The holiday island of Palau is going to CONFISCATE sun cream from tourists

The island in the Pacific has become the first to ban some kinds of sunscreen – and will be confiscating it from tourists who attempt to bring “reef-toxic” versions in.

The Independent reports that the ban will come into effect in 2020 and relates to creams that contain 10 different typed of banned chemicals.

Any shops trying to sell it on the island will be fined up to $1,000 (£770).

Coral reefs are damaged by the chemicals, which can lead to coral bleaching and can harm fish.

President Tommy Remengesau has called the ban “especially timely”.

He said that the ban was prompted when sunscreen was found to be present in the island’s Jellyfish Lake. The lake is a UNESCO World Heritage Site.

Dr Selina Ward, a lecturer in coral reef ecology and physiology at the University of Queensland in Australia said that even small concentrations of sunscreen can stop young coral from forming properly.

Dr Ward recommended that people wear “fabrics on [their bodies]” instead of using sun creams with damaging chemicals such as oxybenzone.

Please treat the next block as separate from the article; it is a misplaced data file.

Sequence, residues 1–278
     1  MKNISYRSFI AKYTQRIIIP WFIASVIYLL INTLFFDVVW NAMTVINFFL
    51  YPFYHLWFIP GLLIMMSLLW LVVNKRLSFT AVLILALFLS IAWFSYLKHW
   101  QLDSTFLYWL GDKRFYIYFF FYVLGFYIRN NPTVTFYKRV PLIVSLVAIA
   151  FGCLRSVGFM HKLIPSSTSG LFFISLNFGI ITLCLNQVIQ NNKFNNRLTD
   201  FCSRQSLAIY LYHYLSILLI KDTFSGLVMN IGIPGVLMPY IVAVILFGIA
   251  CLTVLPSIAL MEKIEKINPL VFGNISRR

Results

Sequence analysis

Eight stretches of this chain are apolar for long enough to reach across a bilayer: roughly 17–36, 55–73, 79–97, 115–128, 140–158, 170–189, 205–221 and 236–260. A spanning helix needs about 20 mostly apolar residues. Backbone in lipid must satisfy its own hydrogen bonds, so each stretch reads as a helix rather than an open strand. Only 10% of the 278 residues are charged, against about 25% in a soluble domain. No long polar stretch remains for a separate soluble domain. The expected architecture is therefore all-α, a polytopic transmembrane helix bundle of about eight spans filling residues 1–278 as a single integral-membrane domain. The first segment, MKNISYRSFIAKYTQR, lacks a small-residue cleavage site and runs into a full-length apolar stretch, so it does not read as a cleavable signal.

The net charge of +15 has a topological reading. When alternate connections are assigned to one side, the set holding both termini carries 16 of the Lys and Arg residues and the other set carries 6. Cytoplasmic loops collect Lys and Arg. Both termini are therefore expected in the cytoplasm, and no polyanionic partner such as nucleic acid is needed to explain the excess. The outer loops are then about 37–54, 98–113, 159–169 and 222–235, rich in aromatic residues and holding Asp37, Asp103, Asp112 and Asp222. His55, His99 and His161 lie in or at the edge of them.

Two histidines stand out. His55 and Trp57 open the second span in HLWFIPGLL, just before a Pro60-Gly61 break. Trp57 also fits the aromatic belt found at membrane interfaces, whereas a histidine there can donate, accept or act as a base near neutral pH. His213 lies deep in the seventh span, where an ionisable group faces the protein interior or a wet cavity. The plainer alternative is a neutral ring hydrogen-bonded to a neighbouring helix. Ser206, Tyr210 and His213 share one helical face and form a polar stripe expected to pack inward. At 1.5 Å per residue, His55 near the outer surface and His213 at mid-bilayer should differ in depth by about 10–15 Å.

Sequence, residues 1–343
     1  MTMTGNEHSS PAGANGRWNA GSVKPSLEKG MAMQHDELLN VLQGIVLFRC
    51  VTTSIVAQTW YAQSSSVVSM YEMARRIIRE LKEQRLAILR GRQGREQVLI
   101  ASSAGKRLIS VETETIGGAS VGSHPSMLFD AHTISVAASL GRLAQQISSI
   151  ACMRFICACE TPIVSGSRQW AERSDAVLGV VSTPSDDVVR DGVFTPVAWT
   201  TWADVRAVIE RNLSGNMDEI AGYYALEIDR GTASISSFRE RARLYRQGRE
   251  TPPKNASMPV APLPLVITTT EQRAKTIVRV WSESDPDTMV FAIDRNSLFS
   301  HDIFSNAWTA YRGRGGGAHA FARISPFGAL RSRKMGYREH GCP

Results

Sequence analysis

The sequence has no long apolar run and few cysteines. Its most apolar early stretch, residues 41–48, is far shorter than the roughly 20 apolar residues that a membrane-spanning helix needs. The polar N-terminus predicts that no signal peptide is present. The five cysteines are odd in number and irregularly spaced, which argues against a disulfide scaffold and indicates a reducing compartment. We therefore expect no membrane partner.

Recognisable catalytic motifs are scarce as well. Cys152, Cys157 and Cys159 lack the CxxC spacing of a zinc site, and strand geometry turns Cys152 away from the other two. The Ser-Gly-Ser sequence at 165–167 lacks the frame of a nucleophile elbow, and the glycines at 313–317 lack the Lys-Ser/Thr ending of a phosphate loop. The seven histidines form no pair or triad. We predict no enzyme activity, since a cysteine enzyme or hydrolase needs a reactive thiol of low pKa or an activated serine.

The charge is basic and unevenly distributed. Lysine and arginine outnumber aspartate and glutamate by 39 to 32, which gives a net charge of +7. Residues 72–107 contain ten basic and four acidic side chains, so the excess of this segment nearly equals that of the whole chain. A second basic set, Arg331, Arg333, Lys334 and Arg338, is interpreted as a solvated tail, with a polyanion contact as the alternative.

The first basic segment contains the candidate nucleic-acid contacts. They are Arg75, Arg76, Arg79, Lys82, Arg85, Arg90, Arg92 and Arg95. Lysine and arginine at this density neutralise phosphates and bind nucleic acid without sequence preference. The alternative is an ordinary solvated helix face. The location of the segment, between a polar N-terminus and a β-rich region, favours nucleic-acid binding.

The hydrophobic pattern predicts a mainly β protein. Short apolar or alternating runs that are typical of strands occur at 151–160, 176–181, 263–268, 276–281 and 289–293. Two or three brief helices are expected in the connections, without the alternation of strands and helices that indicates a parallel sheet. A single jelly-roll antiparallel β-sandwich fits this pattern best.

Popular sun creams such as Banana Boat and Hawaii Tropic contain oxybenzone.

Hawaii announced earlier this year that it is banning sun creams harmful to coral reefs from 2021.

A 2015 paper by the Archives of Environmental Contamination and Toxicology found that 14,000 tonnes of sunscreen enters coral reefs each year.

Senator Will Espero wrote on Twitter: “Hawaii is the first state in the nation to pass a measure of this magnitude.

“The world was watching. We delivered. Preserve and protect our ocean environment!”

Sun Online Travel previously revealed that you should be careful about where you wee in the sea – because it can also damage coral reefs.

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